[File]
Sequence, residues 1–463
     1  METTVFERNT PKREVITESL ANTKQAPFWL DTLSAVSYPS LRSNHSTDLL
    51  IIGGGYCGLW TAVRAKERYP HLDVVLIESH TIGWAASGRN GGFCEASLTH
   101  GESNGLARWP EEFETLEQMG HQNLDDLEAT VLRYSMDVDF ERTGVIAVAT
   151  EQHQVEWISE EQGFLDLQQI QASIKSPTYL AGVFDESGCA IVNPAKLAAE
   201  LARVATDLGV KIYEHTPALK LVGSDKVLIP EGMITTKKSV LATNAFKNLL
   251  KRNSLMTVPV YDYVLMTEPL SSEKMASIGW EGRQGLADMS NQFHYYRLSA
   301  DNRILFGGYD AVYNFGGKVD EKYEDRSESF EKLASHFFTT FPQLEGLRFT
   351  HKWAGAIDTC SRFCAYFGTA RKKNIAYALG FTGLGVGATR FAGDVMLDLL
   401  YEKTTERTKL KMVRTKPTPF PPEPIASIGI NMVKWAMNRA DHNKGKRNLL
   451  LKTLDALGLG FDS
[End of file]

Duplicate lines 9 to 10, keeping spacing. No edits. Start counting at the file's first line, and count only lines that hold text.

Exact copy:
   351  HKWAGAIDTC SRFCAYFGTA RKKNIAYALG FTGLGVGATR FAGDVMLDLL
   401  YEKTTERTKL KMVRTKPTPF PPEPIASIGI NMVKWAMNRA DHNKGKRNLL